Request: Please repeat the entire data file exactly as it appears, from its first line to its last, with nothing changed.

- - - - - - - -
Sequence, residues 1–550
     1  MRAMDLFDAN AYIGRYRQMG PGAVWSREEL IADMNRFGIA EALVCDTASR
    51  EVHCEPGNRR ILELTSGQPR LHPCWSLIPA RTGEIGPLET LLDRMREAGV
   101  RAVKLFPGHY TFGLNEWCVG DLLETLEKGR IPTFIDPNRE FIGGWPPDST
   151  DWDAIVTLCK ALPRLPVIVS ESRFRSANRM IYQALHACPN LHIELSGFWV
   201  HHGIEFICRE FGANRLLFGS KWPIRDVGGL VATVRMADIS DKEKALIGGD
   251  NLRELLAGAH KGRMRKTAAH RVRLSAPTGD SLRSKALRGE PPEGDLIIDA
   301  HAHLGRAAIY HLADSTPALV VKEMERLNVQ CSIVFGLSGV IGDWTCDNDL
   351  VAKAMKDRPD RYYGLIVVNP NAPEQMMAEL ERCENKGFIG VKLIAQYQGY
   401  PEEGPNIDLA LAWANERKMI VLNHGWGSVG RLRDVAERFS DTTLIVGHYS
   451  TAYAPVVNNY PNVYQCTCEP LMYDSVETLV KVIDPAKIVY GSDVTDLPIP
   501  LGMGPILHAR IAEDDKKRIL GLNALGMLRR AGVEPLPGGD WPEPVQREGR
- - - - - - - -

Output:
Sequence, residues 1–550
     1  MRAMDLFDAN AYIGRYRQMG PGAVWSREEL IADMNRFGIA EALVCDTASR
    51  EVHCEPGNRR ILELTSGQPR LHPCWSLIPA RTGEIGPLET LLDRMREAGV
   101  RAVKLFPGHY TFGLNEWCVG DLLETLEKGR IPTFIDPNRE FIGGWPPDST
   151  DWDAIVTLCK ALPRLPVIVS ESRFRSANRM IYQALHACPN LHIELSGFWV
   201  HHGIEFICRE FGANRLLFGS KWPIRDVGGL VATVRMADIS DKEKALIGGD
   251  NLRELLAGAH KGRMRKTAAH RVRLSAPTGD SLRSKALRGE PPEGDLIIDA
   301  HAHLGRAAIY HLADSTPALV VKEMERLNVQ CSIVFGLSGV IGDWTCDNDL
   351  VAKAMKDRPD RYYGLIVVNP NAPEQMMAEL ERCENKGFIG VKLIAQYQGY
   401  PEEGPNIDLA LAWANERKMI VLNHGWGSVG RLRDVAERFS DTTLIVGHYS
   451  TAYAPVVNNY PNVYQCTCEP LMYDSVETLV KVIDPAKIVY GSDVTDLPIP
   501  LGMGPILHAR IAEDDKKRIL GLNALGMLRR AGVEPLPGGD WPEPVQREGR